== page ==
Dante Culpepper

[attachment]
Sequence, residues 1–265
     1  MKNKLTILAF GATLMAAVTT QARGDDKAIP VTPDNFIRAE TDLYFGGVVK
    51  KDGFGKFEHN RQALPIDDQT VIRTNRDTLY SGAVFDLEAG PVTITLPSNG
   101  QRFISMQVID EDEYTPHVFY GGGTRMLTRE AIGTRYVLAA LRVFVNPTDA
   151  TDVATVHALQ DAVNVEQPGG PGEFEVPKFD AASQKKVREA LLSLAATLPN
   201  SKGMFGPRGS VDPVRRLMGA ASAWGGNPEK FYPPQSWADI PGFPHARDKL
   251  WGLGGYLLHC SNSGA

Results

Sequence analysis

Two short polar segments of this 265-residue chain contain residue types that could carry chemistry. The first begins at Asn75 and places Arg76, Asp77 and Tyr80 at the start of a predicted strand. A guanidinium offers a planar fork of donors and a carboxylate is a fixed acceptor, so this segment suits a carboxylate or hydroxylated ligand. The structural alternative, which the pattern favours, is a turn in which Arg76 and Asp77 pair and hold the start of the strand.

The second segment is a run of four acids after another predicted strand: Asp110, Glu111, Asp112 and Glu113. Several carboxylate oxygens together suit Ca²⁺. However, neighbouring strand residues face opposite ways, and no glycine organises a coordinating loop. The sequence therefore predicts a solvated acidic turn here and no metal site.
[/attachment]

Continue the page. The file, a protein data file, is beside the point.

As usual, the 2004 incarnation of the Minnesota Vikings failed to meet the high expectations established by a jackrabbit start. After opening 6-1, the team finished with a mediocre 8-8 regular season record. For several years, the late autumn swoon has been the curse of the Vikings. Maybe that explains the relative dearth of fan accolades for Daunte Culpepper, who is arguably the second-best quarterback in the NFL. Last season's numbers tell the story. Pep threw an astounding 39 TD passes, amassed 4,717 yards through the air, completed 69 percent of his passes, and finished the season with a magnificent QB rating of 110.9 (fourth-best in league history). He accomplished all this despite myriad handicaps: a cheap owner, a meathead head coach, and a wretched, collapse-prone defense. Throughout the season, Culpepper--unlike pretty much everyone else on the team--was relatively consistent in his play. Still, when the team skulked into the postseason as a road wild card, everyone expected a quick exit. So what did Culpepper do? He swaggered into hostile Lambeau, threw four touchdown passes, zero interceptions, and led the Vikings to a rare postseason victory. From a fan's perspective, the victory was arguably the most satisfying win since the Jerry Burns era. Yet, if you spent the season listening to much sports radio, all too often you heard the besotted fan crying out for the need to promote (now departed) journeyman Gus Frerotte to the starting role. The explanation for this? An astonishing percentage of Minnesota sports fans are morons, racists, or both.


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